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Skill in Debate, pp.16-17.

[Anecdotes of Burns Contents]

BURNS and Willie Niven entered the Parish School of Kirkoswald on the same day, to elarn mensuration, geometry, and practical land-surveying, under Hugh Rodger, who enjoyed a great local reputation as a teacher of these subjects. According to the custom of the time, when pupils of their age entered school, they took the master to the village tavern, and omp[lemented the engagement by treating him to some liquor. From that time the youths became intimate friends, and spent much of their spare time together. With the object of sharpening their intellects they fell upon the plan of holding disputations or arguments on speculative questions, one taking one side and the other the other, without much regard as to their respective opinions on the point at issue. Unfortunately, Hugh Rodger, the schoolmaster, had little sympathy with these excursions beyond the bounds of pure mathematics, and sneered at the idea of improving their minds by nonsensical discussions, and contemptuously asked what it was they disputed about. Willie replied that enerally there was a new subject every day; that he could not recollect all that came under his attention, but that the question of to-day had been, “Whether os a great general or a respectable merchant the most valuable member of society?”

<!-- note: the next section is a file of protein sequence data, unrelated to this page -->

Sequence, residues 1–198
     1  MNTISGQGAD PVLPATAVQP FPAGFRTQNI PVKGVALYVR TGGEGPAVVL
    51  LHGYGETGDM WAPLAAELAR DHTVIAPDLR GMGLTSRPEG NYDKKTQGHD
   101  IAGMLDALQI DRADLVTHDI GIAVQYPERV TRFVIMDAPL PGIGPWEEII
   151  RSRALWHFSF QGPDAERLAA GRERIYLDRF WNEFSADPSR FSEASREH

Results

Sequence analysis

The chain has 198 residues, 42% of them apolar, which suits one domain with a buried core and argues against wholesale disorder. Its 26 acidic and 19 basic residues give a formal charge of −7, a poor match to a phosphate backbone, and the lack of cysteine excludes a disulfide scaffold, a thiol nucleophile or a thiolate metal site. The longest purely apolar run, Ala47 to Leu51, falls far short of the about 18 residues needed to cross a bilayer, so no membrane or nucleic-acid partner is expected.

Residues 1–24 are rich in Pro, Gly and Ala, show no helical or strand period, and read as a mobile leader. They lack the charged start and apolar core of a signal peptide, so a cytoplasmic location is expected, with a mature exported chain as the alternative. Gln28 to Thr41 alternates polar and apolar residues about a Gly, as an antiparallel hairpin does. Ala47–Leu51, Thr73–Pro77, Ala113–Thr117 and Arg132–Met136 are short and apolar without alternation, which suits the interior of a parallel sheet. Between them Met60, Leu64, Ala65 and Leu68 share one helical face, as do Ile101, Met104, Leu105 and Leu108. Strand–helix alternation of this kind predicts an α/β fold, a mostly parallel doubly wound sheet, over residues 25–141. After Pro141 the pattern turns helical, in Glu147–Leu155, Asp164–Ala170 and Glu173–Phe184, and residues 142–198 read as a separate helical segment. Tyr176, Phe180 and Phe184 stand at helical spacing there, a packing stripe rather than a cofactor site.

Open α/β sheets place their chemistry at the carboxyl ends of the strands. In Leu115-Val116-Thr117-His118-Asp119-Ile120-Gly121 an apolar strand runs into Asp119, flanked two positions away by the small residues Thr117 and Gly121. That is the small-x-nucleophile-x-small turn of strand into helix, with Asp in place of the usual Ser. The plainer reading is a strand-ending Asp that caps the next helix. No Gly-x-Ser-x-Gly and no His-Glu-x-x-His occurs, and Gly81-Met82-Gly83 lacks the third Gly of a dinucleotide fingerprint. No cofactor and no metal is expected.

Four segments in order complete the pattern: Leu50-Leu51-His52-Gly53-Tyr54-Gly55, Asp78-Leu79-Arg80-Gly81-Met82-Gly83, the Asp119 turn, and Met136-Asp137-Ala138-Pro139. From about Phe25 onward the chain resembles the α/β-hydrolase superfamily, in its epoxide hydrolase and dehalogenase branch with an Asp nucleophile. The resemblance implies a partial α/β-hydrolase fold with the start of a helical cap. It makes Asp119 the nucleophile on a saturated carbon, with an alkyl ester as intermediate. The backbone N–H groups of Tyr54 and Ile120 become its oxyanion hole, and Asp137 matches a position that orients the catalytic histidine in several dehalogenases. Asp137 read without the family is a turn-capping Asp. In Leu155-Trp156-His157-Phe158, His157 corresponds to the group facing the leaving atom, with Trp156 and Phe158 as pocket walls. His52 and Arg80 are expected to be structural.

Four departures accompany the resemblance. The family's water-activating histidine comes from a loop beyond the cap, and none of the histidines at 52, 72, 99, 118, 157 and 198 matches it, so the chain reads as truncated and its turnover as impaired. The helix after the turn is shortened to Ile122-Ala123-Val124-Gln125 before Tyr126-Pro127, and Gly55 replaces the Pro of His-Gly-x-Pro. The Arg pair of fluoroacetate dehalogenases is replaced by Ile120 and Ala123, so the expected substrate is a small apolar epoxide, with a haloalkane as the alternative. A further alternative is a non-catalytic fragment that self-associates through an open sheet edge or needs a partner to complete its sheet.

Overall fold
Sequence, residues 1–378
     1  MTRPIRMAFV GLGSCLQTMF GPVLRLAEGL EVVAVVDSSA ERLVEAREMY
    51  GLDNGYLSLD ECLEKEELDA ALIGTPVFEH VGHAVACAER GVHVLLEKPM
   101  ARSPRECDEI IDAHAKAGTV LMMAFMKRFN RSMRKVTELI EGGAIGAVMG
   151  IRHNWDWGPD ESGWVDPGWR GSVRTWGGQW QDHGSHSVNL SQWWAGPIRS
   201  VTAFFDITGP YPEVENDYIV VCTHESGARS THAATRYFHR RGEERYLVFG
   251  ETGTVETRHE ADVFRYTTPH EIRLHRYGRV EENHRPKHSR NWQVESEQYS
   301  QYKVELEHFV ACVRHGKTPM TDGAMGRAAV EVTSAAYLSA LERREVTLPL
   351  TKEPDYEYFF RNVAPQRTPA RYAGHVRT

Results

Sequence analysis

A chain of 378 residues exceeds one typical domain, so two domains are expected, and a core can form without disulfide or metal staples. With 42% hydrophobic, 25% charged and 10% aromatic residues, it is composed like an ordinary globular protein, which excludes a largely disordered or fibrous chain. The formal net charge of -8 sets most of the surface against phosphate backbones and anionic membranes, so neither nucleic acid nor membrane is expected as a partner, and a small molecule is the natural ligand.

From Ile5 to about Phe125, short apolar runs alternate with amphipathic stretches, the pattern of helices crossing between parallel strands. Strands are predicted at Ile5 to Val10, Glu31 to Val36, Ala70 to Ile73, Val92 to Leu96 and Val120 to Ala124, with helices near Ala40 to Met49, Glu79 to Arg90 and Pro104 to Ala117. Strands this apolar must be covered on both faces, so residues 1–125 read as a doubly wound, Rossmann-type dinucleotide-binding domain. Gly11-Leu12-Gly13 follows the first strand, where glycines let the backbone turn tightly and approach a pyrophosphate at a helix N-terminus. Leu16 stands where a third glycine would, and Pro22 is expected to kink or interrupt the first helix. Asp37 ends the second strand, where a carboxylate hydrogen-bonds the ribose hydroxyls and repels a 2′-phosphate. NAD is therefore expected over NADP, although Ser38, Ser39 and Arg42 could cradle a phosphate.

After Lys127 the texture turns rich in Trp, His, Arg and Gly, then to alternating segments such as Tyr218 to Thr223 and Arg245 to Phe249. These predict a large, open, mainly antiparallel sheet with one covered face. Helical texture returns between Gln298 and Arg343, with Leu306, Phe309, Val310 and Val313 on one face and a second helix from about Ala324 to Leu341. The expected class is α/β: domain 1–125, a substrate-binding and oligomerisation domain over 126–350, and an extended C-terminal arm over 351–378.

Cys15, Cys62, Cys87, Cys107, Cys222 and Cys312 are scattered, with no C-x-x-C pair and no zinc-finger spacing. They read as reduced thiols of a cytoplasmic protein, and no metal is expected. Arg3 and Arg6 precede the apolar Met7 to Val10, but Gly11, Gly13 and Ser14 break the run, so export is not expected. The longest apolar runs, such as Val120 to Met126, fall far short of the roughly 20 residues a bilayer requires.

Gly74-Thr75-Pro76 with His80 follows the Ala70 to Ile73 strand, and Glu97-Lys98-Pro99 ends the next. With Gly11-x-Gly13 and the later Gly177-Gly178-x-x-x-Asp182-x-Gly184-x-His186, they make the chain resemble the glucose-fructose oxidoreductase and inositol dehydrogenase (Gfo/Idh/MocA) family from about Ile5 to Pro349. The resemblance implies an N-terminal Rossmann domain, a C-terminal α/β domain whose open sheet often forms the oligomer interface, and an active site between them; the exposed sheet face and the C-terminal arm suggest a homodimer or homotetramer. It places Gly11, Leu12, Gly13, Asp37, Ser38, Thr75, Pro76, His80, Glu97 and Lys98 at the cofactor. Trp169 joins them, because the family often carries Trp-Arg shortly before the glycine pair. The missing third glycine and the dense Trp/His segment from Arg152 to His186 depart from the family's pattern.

The dominie laughed outrageously at what he called the silliness of such a question, seeing there could be no doubt for a moment about it.

“Well,” said Burns, “if you think so, I will be glad if you take any side you please, and allow me to take the other, and let us discuss it before the school.”

Rodger unwisely assented, and commenced the argument by a flourish in favour of the general.

Burns answered by a pointed advocacy of the pretensions of the merchant, and soon had an evident superiority over his preceptor.

The latter replied but without success. His hand was observed to shake, then his voice trembled, and he dissolved the house in a state of vexation pitiable to behold. This anecdote is a fair prognostication of the future eminence of the illustrious poet.

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